Tuesday, July 17, 2018

"Churchill" (in an appropriately contemptuous voice)

The BBC make you create an account if you want to listen to the radio online now, which I think is quite shocking. They'll be making me buy a TV licence next. But it's worth it anyway, to listen to The Quanderhorn Xperimentations. It's really brilliant, and exactly the kind of thing there should be more of on the radio. Go and listen, if you haven't already!

Sunday, July 15, 2018

Everyone's a winner

Or at least Novak Djokovic and the French football team are. And for that matter, so is John Graham, who's just won the US Memory Championship! This is very cool, because he's another new, up-and-coming memory star from America who might well go on to do great things in future. The days when I was too polite to say how very low the standard at the US Championship was are long ago now, it's definitely one of the focal points of major memory cleverness even in the absence of Alex! Plus, since the competition resolutely sticks to the principles of being an entirely different format from any other memory competition in the world, it's always fun to follow! I must go out there and watch it again some time; it's been way too long since I did that.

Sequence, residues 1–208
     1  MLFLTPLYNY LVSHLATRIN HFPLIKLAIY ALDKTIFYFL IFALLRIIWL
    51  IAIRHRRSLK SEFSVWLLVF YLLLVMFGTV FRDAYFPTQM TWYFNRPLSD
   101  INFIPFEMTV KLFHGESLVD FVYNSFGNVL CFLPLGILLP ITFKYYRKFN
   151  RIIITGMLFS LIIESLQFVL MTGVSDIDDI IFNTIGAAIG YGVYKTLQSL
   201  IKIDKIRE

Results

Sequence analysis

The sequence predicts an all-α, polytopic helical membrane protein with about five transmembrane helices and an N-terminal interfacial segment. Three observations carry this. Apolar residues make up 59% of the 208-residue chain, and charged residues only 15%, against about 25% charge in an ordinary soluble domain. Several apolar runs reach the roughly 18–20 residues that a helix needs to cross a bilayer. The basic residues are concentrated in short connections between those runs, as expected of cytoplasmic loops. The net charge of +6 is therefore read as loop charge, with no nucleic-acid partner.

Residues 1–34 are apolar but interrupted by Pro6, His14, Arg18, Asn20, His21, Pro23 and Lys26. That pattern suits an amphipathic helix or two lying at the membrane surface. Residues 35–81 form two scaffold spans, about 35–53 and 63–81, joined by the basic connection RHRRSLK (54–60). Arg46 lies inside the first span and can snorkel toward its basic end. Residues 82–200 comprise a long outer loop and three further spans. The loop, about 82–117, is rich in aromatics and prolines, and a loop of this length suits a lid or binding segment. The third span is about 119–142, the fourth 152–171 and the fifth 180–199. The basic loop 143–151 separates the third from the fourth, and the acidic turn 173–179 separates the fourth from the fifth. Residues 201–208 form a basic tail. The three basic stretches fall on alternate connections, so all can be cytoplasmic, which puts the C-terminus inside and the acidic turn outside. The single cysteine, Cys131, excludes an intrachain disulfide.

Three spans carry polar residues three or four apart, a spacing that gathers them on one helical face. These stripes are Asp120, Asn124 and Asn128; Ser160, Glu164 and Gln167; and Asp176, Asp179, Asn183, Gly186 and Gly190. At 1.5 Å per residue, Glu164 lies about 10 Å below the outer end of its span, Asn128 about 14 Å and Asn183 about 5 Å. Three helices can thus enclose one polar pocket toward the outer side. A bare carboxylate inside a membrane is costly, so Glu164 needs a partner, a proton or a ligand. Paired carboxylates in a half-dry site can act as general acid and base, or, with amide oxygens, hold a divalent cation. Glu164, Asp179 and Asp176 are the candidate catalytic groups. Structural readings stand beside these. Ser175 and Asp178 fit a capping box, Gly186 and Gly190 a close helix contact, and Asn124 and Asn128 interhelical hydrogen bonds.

Also, here's what I would do if I had lots of money and resources - run an international Memory League team championship! Each country has a team of five players, there's something like four countries involved, and everybody competes simultaneously to get the best score they can at each of the five disciplines. Each team nominates one member to be a specialist in each discipline, so everyone gets their moment in the limelight, and you get three attempts at each one.

The seating would be arranged like this - imagine a big TV studio, lots of lights and things, and an audience watching. Centre stage is one big seat for each cards specialist, sitting at a computer screen, not able to see each other or the big giant screen overhead for the audience. The four cards specialists come out (to cheers from the audience), and stats about them are shown on the big screen. Four more sets of seats are to the sides, further back, for the rest of the teams, and all the players sit down simultaneously and memorise a pack of cards as fast as possible. The audience watch along on five quartered split-screen displays. At the end of each attempt they all get up and see everybody's scores, then sit down again and try to beat it. The 20 competitors are ranked in order of their scores, 20 points for the best, 19 for the next and so on. Specialists get double points in their specialist discipline.

Repeat for images, names, numbers and words! Throw in some expert camera-work and commentary from the likes of Florian, put the whole thing on YouTube, and I'm sure the TV people around the world will come running with wads of money in their hands! And even if they don't, it'd be a lot of fun for everyone!